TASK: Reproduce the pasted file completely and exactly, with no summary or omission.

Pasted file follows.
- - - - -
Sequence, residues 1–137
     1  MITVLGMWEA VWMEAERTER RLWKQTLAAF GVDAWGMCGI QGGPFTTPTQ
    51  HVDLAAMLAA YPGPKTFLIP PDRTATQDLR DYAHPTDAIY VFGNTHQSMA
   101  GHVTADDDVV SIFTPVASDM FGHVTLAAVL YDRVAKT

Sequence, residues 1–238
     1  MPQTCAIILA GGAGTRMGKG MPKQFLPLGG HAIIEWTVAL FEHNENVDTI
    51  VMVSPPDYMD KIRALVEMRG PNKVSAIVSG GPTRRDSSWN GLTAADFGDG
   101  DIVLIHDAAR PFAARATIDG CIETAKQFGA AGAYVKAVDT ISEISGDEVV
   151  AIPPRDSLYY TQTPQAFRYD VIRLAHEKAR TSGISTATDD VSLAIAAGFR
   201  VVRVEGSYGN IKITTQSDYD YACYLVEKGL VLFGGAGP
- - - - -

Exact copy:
Sequence, residues 1–137
     1  MITVLGMWEA VWMEAERTER RLWKQTLAAF GVDAWGMCGI QGGPFTTPTQ
    51  HVDLAAMLAA YPGPKTFLIP PDRTATQDLR DYAHPTDAIY VFGNTHQSMA
   101  GHVTADDDVV SIFTPVASDM FGHVTLAAVL YDRVAKT

Sequence, residues 1–238
     1  MPQTCAIILA GGAGTRMGKG MPKQFLPLGG HAIIEWTVAL FEHNENVDTI
    51  VMVSPPDYMD KIRALVEMRG PNKVSAIVSG GPTRRDSSWN GLTAADFGDG
   101  DIVLIHDAAR PFAARATIDG CIETAKQFGA AGAYVKAVDT ISEISGDEVV
   151  AIPPRDSLYY TQTPQAFRYD VIRLAHEKAR TSGISTATDD VSLAIAAGFR
   201  VVRVEGSYGN IKITTQSDYD YACYLVEKGL VLFGGAGP